Scepticism about online teaching in Pakistan comes from a simple fact: Most of the educators never chose to teach online before COVID-19. They were forced by the pandemic. Overwhelmed by the profound sense of ‘human loss’ many now feel paralysed, unable to tap the true potential of the virtual environment.

Virtual classrooms offer vast opportunities some of which are not even possible in a physical classroom; they do however come at a cost and need practice and pondering.

Effective online teaching helps instructors engage and motivate students in the virtual classrooms; facilitate greater student interest while indulging students cognitively rather than using hands-on experience. The University of Cambridge in Britain found online teaching so beneficial that they have announced the classes to be online until the Summer of 2021.

In Pakistan, although many varsities announced resuming on-campus classes this fall; this does not mean online teaching will vanish. Even if most varsities manage to welcome students on the campus; the ‘new safety norms’ and the social distancing will greatly reduce the capacity of the classrooms—a limiting factor even before the pandemic. Fear of catching the infection will deter several students from attending in-person classes. Consequently, for a foreseeable future; class physical presence cannot be a compulsory requirement. Universities will most likely be offering entirely online courses or courses with some of the students in class while others online. Hence, only teaching is here to stay this fall and well beyond.

Acknowledging the lack of human connection and the limitations of the virtual environment is vital. Instructor and student interaction can be delayed due to the nature of virtual communication. Gauging students’ interest in an online class is an uphill task as the body language is concealed behind the screen. Class chit-chat is missing. Most importantly, ‘Raza’—the backbencher student, never believes that the instructor is looking only at him.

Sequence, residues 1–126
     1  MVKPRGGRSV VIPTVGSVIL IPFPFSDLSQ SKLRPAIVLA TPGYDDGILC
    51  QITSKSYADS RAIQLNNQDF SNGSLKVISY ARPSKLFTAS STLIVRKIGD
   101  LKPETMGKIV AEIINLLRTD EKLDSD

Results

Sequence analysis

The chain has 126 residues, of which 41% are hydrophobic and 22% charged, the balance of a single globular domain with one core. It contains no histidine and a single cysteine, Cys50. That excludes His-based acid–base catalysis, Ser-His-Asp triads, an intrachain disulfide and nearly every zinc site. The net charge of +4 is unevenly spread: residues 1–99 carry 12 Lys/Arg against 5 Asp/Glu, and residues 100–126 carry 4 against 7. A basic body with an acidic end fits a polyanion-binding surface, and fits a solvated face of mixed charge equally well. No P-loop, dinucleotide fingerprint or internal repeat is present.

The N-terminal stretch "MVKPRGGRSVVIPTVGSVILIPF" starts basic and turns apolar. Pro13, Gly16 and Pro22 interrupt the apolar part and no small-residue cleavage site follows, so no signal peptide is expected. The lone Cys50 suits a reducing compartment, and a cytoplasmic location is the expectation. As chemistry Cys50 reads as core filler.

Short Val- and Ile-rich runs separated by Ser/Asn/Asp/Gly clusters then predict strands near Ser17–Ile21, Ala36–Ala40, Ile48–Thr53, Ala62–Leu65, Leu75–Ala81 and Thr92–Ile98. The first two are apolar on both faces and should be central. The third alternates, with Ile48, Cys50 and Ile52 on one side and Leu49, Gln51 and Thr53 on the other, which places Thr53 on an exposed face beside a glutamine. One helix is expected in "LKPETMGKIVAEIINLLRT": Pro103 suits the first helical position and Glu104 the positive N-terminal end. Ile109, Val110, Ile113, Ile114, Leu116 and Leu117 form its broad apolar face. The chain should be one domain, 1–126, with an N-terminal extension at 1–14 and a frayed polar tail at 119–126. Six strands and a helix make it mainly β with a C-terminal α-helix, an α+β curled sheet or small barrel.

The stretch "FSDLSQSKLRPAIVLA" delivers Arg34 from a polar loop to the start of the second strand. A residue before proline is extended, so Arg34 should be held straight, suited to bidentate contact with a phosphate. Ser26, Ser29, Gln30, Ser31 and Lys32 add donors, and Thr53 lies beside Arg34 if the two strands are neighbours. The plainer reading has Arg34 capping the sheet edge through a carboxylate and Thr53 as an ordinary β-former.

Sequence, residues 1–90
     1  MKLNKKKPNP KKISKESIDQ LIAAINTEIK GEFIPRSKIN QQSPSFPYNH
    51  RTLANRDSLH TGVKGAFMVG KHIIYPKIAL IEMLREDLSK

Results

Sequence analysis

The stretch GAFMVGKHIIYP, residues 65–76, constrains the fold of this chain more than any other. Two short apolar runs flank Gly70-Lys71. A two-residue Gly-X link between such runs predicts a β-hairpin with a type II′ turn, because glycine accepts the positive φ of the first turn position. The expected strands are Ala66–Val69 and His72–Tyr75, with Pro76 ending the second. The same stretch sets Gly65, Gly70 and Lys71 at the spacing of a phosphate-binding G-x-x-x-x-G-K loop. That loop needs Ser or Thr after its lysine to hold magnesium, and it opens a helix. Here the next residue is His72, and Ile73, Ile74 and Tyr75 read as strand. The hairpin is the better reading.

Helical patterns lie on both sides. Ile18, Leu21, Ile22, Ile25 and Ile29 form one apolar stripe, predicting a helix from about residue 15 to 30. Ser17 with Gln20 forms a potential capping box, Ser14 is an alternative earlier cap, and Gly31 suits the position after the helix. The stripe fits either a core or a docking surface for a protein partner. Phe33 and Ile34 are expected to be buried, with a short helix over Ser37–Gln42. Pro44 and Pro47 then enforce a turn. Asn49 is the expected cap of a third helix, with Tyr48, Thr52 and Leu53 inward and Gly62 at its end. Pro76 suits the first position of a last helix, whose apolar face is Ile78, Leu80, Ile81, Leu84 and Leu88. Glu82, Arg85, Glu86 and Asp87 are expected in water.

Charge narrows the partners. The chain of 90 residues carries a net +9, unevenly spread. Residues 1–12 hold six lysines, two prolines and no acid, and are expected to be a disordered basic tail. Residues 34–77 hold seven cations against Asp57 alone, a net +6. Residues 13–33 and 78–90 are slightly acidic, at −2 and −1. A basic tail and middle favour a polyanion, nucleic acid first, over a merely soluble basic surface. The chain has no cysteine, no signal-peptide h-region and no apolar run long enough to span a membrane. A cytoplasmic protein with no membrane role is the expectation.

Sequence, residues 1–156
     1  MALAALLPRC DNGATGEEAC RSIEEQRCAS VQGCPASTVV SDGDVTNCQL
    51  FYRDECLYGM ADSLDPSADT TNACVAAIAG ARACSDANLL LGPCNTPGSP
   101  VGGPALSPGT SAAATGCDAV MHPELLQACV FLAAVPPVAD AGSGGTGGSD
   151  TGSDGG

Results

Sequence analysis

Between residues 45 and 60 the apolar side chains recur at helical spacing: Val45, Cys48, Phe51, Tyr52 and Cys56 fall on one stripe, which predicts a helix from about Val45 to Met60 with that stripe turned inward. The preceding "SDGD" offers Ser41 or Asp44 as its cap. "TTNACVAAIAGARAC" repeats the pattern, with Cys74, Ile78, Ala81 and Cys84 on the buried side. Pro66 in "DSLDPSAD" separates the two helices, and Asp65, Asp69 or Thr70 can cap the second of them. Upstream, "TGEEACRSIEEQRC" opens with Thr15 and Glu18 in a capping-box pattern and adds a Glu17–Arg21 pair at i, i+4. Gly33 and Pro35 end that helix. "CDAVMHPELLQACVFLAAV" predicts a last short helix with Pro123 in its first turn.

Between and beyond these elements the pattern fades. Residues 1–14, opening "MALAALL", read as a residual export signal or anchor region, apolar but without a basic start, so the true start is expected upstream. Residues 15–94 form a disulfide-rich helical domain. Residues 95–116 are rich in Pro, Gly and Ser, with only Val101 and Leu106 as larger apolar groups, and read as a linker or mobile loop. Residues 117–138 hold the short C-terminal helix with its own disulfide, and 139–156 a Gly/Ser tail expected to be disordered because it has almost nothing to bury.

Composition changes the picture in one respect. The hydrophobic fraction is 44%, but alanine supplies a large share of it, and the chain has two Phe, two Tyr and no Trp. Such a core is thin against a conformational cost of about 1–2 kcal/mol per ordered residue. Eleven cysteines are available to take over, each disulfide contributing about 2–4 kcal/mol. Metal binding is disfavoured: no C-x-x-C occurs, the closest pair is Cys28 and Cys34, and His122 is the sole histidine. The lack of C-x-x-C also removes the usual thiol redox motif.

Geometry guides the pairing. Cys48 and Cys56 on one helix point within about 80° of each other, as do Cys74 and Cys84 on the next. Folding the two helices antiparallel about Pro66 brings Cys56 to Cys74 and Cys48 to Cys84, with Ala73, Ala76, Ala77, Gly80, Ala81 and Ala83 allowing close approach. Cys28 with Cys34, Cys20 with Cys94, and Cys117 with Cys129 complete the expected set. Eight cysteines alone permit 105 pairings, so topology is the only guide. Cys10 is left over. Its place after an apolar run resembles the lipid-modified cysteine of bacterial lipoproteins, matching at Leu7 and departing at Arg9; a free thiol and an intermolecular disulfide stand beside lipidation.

Pre-class activities can help overcome these challenges. Arriving early for the class and posting a welcome message, activity, or an image can help students feel connected to their instructor. Asking outcome-based questions at the start of the class develops rapport. Posting printed notes to the students, providing them with a list of necessary materials before the class also pays dividends.

But technology may not always work as intended. Thoroughly pre-test all links. Provide an FAQ page and or troubleshooting guide in advance. Asking students to familiarise themselves with resources and tools before class can help reduce technical difficulties. Clear and specific instructions result in transparent expectations.

Online teaching requires a paradigm shift in the way teachers prepare for their classes: thinking about where they are going to spend time rather than what their students will do in the class.

During an online class, a balanced set of dialogues is essential. Student-student interaction occurs using break rooms, padlets, discussion boards, peer-review, and group me. They can summarise a topic and discuss it in breakrooms with their peers.

Student-teacher dialogues are generally based on the students’ expectations and discussions about the topics they are studying. There are several forums available where the students and teachers can discuss after class without sharing their contact numbers. Edji.it, edpuzzle, remind.com, and peergrade.io are of some of these.

Instructors can find students’ response about a particular problem through Zoom polling, zoom recording, and zoom whiteboard. Teachers can share their expectations through the Learning Management System (LMS), syllabus, rubric, and feedback. Teachers can also access the preparedness of the students for a class using polls or questionnaires within the LMS or Zoom. Misconceptions interfering with the course learning outcomes can be debunked. Google Forms, Poll Everywhere, or Survey Monkey can all be useful tools for this activity.

The “blackboard does not draw it all” seems to be the prevailing tendency at the educational institutes. The faculty are pressed to incorporate online teaching when developing their pedagogical strategies. A strategically planned online class, having a combination of synchronous and asynchronous activities, promotes students to speak, vote, write, work in groups, and present their work from the comfort of their homes.

The faculty must embrace the new norm and its boundless potential.